How the transmission works:
Both manual and automatic transmissions are complex and require a significant number of components in order to operate. Of course, automatic transmissions are the more complicated of the two systems. However, your problem might have nothing to do with the transmission at all. For instance, if you can’t shift out of park with an automatic transmission, chances are that the problem lies elsewhere, perhaps with the brake light switch attached to the brake pedal. In a manual transmission, changing gears requires a working clutch pedal, clutch and other components. You press the clutch pedal, which engages the clutch and stops the transmission from spinning with the engine. This allows you to shift gears. Sequencers allow you to shift smoothly into each gear.
Additionally, there’s the question of your master cylinder if you have a hydraulic clutch (some cars have a clutch cable, but some are hydraulic and will have a fluid-filled master cylinder and slave cylinder that must be in operation in order to shift gears, or the car will act like the clutch pedal isn’t pressed). In an automatic, the transmission does all the work for you. All you have to do is press the accelerator, and the transmission will shift on its own as your speed increases. This requires a number of components not found on a manual transmission.
Possible Root Causes for why you are unable to change gears:
- Low Transmission Fluid Level: Both manual and automatic transmissions require fluid (different types) in order to operate. If the fluid is low, there’s a chance that you won’t be able to change gears, particularly in an automatic transmission. This also causes immense damage to the transmission itself. However, it’s more likely that you would be able to shift, but the transmission would not move the car.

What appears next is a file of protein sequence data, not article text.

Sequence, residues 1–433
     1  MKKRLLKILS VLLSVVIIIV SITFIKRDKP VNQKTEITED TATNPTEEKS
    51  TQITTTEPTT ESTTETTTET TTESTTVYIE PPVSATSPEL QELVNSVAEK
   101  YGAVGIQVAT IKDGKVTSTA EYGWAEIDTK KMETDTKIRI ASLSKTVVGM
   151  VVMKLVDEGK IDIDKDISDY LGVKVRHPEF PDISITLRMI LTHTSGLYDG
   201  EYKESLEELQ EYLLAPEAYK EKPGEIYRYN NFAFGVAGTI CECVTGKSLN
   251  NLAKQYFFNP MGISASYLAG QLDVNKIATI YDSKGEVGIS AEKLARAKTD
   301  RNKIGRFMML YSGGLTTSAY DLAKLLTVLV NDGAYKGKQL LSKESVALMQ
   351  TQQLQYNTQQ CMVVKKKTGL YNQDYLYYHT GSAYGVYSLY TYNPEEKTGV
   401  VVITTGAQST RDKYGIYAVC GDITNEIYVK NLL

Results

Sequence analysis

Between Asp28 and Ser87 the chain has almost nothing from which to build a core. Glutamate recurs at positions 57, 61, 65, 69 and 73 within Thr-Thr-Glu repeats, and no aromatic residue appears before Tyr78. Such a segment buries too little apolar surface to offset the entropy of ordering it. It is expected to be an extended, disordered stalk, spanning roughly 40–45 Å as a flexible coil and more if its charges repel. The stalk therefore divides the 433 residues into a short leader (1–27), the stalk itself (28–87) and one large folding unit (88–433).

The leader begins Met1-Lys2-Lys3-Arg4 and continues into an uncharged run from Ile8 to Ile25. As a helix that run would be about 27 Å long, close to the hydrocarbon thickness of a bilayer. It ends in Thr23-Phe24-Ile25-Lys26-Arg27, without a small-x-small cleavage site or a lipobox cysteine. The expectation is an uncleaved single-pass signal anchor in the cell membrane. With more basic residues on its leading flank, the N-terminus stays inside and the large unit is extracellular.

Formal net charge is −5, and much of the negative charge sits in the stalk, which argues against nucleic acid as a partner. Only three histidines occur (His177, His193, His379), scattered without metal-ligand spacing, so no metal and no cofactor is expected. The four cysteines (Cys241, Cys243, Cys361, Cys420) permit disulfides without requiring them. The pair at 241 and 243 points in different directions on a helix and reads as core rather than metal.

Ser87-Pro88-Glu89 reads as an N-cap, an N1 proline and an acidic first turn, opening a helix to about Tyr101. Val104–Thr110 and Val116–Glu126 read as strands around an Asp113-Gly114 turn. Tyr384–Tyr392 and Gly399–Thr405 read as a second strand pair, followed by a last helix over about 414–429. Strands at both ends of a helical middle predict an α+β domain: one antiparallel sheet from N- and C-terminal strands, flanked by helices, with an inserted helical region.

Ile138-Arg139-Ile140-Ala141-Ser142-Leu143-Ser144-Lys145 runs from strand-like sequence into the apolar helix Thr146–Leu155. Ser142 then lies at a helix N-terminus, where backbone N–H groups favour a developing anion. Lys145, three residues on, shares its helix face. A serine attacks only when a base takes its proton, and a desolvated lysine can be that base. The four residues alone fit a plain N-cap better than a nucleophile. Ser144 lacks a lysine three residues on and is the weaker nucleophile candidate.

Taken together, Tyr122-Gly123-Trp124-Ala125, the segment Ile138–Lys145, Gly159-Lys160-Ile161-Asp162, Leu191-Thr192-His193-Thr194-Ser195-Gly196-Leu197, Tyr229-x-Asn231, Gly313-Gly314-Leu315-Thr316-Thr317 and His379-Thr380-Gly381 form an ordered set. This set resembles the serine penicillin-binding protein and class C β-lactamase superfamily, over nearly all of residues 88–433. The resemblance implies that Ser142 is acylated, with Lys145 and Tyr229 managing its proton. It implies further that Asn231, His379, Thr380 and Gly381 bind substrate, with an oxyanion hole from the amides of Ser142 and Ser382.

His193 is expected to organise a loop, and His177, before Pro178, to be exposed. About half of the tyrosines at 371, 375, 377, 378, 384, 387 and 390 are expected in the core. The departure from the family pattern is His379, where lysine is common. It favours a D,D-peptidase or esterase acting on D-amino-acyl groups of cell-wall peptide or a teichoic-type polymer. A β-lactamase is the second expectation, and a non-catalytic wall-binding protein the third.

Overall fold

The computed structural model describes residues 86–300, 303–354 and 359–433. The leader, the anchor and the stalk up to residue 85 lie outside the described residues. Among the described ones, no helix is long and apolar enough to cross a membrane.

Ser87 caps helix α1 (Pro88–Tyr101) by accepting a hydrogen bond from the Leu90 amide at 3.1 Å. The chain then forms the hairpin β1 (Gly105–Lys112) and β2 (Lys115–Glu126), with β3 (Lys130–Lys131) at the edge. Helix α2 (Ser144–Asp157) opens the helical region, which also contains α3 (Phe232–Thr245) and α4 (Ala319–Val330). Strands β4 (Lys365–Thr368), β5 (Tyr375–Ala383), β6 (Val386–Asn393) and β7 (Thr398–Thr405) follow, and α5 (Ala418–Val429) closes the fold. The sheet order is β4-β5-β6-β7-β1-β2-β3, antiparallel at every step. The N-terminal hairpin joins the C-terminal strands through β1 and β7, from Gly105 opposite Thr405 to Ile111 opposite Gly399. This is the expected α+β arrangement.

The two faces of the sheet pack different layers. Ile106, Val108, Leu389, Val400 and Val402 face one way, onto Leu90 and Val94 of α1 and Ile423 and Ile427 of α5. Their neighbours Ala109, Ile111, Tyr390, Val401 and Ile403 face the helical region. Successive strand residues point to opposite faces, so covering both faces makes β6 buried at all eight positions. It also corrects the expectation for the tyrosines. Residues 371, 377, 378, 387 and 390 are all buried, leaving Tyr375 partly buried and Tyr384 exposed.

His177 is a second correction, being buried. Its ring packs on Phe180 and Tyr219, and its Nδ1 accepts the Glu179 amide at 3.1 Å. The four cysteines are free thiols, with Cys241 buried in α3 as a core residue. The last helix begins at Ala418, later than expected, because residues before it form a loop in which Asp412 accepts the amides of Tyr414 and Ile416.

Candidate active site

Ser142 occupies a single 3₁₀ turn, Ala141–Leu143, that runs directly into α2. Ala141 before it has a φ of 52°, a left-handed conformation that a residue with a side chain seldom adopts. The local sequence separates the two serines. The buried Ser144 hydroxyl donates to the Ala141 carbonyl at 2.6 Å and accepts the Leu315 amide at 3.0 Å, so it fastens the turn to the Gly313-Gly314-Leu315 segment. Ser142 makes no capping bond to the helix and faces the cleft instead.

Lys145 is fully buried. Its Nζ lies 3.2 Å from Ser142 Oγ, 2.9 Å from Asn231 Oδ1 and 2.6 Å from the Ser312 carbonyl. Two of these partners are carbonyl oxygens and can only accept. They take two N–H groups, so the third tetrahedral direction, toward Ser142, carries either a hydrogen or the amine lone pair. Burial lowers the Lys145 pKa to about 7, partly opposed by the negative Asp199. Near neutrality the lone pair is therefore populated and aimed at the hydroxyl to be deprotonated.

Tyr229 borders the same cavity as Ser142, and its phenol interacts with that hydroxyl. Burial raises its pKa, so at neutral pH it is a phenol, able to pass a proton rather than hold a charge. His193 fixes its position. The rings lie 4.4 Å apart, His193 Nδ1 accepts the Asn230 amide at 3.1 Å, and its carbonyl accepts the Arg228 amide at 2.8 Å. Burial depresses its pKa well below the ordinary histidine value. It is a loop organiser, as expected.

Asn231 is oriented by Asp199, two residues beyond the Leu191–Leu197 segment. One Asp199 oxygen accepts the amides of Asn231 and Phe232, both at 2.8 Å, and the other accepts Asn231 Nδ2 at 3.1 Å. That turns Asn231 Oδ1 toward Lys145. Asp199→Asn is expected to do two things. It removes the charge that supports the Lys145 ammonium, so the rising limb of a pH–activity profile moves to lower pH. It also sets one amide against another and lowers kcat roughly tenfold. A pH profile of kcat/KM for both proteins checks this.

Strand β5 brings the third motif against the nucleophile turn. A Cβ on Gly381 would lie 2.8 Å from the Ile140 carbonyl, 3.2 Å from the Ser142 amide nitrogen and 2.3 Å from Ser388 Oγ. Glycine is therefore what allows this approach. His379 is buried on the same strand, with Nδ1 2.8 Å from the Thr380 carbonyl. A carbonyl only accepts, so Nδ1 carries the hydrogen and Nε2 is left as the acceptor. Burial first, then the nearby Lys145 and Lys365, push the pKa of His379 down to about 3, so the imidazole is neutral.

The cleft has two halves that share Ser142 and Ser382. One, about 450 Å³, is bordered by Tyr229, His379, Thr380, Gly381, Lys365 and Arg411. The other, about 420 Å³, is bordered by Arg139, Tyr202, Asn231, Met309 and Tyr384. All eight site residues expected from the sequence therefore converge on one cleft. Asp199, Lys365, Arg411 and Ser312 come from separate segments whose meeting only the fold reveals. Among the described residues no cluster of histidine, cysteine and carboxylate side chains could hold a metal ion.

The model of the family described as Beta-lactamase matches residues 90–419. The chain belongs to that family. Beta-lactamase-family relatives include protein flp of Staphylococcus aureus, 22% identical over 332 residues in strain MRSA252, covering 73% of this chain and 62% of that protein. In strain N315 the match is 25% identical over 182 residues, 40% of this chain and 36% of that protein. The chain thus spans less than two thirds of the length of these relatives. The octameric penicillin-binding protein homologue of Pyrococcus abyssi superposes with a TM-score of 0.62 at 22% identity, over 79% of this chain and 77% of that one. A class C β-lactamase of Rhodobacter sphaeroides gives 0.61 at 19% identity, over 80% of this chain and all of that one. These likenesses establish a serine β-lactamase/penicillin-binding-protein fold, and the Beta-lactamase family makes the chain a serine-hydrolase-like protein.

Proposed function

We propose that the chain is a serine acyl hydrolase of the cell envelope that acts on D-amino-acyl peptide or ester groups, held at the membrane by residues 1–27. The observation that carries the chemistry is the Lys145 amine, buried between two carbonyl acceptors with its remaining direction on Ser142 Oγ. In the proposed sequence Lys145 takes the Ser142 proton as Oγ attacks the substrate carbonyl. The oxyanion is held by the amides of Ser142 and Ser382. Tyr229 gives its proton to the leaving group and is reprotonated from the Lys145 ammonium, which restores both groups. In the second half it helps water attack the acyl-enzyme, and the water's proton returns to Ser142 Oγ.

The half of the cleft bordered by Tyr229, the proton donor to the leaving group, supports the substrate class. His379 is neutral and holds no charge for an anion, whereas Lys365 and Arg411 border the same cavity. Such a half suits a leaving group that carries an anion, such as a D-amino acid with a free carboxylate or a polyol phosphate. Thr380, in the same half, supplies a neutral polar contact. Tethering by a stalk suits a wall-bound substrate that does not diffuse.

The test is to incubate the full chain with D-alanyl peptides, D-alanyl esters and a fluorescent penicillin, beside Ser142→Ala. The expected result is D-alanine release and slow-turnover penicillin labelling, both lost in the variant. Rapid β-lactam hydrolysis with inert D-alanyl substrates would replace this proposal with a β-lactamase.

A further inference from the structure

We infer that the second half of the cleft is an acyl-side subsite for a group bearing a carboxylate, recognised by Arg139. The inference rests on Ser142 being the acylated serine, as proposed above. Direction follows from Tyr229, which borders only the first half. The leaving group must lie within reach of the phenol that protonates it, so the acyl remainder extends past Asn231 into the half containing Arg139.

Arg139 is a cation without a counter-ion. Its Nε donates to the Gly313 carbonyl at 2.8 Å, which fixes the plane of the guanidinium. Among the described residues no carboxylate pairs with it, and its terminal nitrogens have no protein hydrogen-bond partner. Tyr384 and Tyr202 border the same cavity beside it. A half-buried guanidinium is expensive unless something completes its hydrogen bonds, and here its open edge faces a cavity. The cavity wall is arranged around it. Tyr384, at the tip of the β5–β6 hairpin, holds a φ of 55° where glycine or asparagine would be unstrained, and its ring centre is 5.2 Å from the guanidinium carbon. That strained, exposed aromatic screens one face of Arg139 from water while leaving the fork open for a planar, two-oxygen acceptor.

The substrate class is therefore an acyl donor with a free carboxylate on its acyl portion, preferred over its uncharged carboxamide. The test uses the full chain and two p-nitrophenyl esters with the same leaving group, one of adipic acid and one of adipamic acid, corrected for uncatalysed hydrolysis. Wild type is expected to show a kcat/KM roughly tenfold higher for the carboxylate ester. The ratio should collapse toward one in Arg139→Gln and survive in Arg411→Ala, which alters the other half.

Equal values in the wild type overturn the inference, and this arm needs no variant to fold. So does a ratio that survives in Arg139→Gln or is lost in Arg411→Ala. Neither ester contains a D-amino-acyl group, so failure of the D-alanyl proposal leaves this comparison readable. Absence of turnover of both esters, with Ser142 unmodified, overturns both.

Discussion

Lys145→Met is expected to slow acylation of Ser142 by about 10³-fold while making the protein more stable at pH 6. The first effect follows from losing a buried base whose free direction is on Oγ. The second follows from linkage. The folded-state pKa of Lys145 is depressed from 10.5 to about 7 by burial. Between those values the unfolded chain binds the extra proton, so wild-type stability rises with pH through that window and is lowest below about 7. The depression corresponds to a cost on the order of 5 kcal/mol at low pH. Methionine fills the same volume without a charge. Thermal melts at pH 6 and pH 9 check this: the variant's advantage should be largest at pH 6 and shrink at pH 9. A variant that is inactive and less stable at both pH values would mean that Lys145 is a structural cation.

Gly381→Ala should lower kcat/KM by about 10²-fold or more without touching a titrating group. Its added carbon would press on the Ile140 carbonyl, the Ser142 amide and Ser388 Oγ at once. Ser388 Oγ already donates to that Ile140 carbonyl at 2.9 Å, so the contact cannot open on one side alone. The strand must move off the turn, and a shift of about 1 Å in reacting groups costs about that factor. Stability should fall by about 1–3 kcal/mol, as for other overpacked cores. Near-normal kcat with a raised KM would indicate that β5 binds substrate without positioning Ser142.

- Water Mixed with the Transmission Fluid: If the vehicle was driven in water logged areas, it is possible that there is water mixed with the transmission fluid. An inspection of the transmission oil can reveal if this is the case. If so, transmission oil must be replaced.
- Worn Out Gear Lever Assembly: A worn out gear lever assembly could create excessive play, due to which gearshifts could become hard. If this is the root case, the gear level assembly must be replaced.
- Low Fluid in Master Cylinder: If you’re driving a manual transmission vehicle and it has a hydraulic clutch, one of the first suspects is low fluid in the clutch master cylinder. This is generally caused by a leak in the system (you may notice fluid on your clutch pedal).
- Air trapped in the clutch hydraulics: If there is air trapped in the clutch hydraulics, the entire movement of the clutch pedal might not be transferred to the clutch plate. In this case, trapped air must be removed using standard procedure.
- Broken Clutch Cable: If you have a cable-operated clutch, it’s possible that the cable has broken. If the pedal goes to the floor without engaging the clutch, this would the one of the primary possibilities.
- Failed Brake Light Switch: If you’re unable to shift out of park with an automatic transmission, the most likely culprit is the brake light switch. It’s mounted to the brake pedal and designed to engage the shift lock solenoid if it detects that your brake lights aren’t working.
- Bad Sequencers: If you’re able to shift out of a gear, but when you attempt to shift into the next sequential gear, you hear a grinding sound, chances are good that the sequencers are failing or have failed. You should be able to shift to the next highest gear without trouble if this is the problem.